MASTERY GAME STRATEGIES BETTER THAN OUTCOME STRATEGIES
Grieve, F. G., Houston, D. A., Dupuis, S. E., & Eddy, D. (1999). Counterfactual production and achievement orientation in competitive athletic settings. Journal of Applied Social Psychology, 29, 2177-2202.
Two studies evaluated the impact of achievement orientation on reactive thought patterns ("counterfactuals") during different sporting situations.
The first investigation used 76 psychology students (M = 16; F = 60) who read 16 different vignettes describing athletes participating in a sport where either mastery or outcome (winning - losing) was emphasized. After reading, Ss were asked to put themselves in the athlete's place and create an alternative outcome.
Ss who read of victory, created more subtractive and downward alternatives than those who read of defeat.
The second investigation also used psychology students interested in basketball (N = 78) as Ss. Three-person teams were formed to play games and randomly assigned to receive either mastery (doing one's best) or outcome (winning) orientations before the games.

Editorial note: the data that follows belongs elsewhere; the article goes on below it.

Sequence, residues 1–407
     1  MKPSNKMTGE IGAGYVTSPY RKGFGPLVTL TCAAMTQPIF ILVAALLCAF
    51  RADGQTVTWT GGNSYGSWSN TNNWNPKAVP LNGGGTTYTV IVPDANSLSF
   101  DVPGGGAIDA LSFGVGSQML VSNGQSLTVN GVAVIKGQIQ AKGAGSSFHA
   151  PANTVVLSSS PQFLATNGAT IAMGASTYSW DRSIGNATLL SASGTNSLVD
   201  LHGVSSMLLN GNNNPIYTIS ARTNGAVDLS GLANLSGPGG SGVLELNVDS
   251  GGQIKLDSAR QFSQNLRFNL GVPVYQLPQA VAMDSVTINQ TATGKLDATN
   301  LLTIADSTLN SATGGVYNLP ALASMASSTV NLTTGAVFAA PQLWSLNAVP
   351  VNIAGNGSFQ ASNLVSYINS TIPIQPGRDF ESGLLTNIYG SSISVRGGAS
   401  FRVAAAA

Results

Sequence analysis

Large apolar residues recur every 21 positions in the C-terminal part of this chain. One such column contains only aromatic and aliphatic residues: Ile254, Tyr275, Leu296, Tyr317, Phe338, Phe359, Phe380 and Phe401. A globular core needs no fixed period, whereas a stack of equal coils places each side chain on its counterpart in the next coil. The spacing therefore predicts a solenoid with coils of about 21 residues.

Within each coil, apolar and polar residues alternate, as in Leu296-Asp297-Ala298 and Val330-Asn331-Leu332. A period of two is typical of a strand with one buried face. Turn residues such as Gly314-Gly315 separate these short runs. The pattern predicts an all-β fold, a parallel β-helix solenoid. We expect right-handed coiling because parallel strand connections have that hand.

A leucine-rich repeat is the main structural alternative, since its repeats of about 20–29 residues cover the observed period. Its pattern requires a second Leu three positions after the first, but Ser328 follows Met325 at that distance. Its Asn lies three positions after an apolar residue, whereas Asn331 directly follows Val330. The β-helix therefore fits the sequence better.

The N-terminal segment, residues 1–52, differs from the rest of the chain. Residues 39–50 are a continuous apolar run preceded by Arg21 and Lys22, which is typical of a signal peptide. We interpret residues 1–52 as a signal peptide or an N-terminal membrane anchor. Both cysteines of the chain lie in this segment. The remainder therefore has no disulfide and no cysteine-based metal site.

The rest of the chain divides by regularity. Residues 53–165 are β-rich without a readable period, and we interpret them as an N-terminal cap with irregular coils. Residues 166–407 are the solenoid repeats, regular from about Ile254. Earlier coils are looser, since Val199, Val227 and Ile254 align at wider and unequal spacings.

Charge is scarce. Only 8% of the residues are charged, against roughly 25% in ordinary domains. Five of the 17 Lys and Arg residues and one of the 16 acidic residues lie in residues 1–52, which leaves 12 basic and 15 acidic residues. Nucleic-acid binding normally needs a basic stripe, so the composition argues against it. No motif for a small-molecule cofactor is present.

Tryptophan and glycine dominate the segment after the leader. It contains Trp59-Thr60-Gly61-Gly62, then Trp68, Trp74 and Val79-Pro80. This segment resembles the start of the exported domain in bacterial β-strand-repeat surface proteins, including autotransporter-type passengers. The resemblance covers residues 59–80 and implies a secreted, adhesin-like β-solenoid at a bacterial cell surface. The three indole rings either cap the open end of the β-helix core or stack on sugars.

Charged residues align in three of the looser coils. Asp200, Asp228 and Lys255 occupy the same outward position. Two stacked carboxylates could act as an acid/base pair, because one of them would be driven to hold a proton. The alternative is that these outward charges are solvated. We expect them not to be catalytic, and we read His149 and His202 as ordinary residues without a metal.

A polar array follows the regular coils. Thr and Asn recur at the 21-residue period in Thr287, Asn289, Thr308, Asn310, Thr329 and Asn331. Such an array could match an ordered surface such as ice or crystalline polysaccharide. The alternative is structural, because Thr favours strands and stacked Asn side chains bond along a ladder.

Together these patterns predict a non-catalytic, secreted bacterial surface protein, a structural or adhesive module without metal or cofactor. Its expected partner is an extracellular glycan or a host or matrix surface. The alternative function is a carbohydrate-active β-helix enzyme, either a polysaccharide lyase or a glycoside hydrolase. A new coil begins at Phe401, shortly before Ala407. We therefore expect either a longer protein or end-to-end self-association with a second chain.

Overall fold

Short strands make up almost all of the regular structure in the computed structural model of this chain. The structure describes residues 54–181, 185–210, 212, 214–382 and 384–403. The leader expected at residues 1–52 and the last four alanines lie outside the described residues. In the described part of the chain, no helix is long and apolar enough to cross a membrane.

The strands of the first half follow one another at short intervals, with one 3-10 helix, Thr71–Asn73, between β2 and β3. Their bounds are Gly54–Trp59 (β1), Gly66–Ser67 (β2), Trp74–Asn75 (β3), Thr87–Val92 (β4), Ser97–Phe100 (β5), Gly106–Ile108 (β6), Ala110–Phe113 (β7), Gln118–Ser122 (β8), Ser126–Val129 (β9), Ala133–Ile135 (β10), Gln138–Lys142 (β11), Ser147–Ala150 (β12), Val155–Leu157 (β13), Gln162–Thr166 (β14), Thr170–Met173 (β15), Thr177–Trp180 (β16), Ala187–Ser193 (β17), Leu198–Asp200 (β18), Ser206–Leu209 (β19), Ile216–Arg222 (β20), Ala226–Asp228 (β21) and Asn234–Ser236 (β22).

Ss using mastery-orientation as a preparatory focus, produced an approach response to playing that emphasized ways to improve performance. Mastery-players also reacted to both winning and losing in a more positive manner, developing strategies aimed at improvement.
Implication. Pre-game content that emphasizes mastery of performance, that is, ways to improve during the game, not only facilitates better contest thinking but also produces a better post-game response, whether the contest was won or lost.
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